Location: Houston, Texas
Project Number: 3092-51000-055-20-S
Project Type: Specific Cooperative Agreement
Start Date: Apr 1, 2009
End Date: Mar 31, 2014
Objective 1: Establish a model using caesarean-delivered animal model to investigate the impact of prematurity on the gastrointestinal and metabolic response to perinatal nutrition. Subobjective 1A: Quantify the effect of chronic parenteral nutrition in the first 2 weeks after birth on the short-term (3 months) and long-term (12 months) development of body composition and glucose homeostasis in models delivered preterm and at term. Subobjective 1B: Quantify whether manipulation of dietary macronutrients and supplementation with bioactive food ingredients fed to premature animal models prevents the onset of mucosal inflammation and gastrointestinal disease, specifically necrotizing enterocolitis. Objective 2: Compare the impact of continuous versus intermittent bolus delivery of nutrients provided enterally or parenterally on protein synthesis and accretion in neonatal animal models and identify the intracellular signaling mechanism involved. Subobjective 2A: Compare the short-term effects of enteral or parenteral amino acids provided in a continuous vs. intermittent bolus delivery pattern. Subobjective 2B: Compare the short-term effects of an enteral or parenteral complete diet provided in a continuous vs. intermittent bolus delivery pattern. Subobjective 2C: Compare the long-term effects of an enteral or parenteral complete diet provided in a continuous vs. intermittent bolus delivery pattern.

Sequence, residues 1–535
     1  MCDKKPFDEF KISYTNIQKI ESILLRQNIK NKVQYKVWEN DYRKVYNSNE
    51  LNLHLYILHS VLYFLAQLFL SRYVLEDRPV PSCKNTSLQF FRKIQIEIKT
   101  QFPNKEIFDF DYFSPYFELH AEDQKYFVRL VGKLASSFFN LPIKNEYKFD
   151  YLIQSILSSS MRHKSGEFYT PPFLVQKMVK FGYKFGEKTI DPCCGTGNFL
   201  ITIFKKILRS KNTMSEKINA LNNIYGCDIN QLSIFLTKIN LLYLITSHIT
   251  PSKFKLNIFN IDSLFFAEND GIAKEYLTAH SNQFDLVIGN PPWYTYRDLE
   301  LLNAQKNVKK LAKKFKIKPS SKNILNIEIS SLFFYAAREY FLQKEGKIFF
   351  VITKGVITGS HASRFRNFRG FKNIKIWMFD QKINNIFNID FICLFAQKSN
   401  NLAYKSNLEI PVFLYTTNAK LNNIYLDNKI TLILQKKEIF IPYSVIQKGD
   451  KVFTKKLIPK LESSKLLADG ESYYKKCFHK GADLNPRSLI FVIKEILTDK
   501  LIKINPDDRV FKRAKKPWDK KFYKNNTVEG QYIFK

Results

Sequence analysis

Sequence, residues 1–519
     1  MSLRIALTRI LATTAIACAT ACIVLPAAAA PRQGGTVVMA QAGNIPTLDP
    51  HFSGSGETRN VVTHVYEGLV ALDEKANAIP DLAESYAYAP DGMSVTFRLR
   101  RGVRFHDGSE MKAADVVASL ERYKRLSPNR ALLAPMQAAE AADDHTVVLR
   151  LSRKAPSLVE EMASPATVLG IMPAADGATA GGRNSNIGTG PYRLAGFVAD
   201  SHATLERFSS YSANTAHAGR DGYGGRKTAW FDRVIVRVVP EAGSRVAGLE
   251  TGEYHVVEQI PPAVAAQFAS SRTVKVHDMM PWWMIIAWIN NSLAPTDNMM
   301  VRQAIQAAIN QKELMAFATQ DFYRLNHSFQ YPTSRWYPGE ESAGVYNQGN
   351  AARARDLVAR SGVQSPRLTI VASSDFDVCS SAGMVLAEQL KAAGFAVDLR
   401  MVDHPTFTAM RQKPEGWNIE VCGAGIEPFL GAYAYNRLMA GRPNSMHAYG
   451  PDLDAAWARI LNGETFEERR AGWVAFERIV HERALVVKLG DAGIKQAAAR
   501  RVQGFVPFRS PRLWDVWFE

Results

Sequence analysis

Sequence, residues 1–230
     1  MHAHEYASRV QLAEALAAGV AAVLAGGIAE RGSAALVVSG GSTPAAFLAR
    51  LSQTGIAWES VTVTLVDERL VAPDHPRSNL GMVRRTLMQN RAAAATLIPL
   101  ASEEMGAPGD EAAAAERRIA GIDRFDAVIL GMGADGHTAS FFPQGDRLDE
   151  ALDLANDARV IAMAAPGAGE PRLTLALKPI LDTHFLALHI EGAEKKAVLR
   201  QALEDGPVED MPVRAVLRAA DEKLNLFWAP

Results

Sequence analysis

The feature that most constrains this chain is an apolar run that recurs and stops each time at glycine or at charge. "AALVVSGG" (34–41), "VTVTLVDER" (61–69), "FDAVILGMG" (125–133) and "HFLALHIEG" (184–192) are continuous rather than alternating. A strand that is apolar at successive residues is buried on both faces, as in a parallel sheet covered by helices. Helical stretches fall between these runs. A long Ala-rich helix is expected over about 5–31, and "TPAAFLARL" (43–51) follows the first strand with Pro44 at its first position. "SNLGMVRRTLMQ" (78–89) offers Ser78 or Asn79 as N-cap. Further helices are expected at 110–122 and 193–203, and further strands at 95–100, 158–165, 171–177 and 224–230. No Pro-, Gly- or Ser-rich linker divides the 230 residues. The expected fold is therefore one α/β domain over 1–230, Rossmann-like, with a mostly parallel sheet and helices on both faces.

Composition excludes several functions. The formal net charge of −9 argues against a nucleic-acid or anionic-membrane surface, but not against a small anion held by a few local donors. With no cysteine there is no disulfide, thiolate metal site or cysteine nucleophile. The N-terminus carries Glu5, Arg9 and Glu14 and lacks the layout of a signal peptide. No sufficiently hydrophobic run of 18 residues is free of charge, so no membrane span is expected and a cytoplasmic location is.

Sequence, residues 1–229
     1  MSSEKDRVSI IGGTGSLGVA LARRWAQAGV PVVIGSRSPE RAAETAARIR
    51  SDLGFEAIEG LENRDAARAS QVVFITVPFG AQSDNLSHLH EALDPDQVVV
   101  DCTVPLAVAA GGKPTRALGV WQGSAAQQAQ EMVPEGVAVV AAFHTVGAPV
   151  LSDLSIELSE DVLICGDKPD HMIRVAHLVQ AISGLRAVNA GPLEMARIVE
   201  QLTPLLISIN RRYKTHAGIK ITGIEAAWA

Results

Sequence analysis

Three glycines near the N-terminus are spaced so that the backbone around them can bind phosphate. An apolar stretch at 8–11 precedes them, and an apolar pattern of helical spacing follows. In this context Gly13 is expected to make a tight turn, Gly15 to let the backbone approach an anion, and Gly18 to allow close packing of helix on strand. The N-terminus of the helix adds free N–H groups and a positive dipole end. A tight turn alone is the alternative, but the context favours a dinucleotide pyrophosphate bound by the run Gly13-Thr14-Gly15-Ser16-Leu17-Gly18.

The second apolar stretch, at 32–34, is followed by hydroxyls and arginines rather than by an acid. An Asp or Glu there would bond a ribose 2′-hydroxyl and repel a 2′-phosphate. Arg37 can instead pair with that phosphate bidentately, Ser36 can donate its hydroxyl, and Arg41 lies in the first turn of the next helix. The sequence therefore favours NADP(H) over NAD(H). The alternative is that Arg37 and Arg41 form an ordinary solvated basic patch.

The goal of our research is to determine how key nutrients, bioactive ingredients, and the pattern of nutrient delivery affects nutrient metabolism, body composition and incidence of disease in early postnatal life. Children's Nutrition Research Center researchers will use multiple experimental approaches involving innovative neonatal animal models to specifically examine the effects of prematurity, parenteral nutrition, and intermittent bolus feeding versus continuous feeding on glucose and protein metabolism. Main endpoints of metabolism will include measurements of glucose tolerance and insulin sensitivity using hyperinsulinemic, euglycemic clamps. The metabolic fate of amino acids and glucose will be measured using oxidation and incorporation of stable isotopic tracers into end-products such as CO2 and protein. Our research team will also examine whether specific carbohydrates and treatment with the bioactive gut peptide, glucagon-like peptide-2, can prevent the onset of necrotizing enterocolitis using a novel premature animal model. We will quantify endpoints of gastrointestinal function, such as blood flow and nutrient absorption, as well as disease based on measures of proinflammatory cytokine expression and gut microbiota communities. This research will provide novel information that will be directly useful to optimize the nutritional management of low birth weight infants and reduce the risk of early postnatal diseases.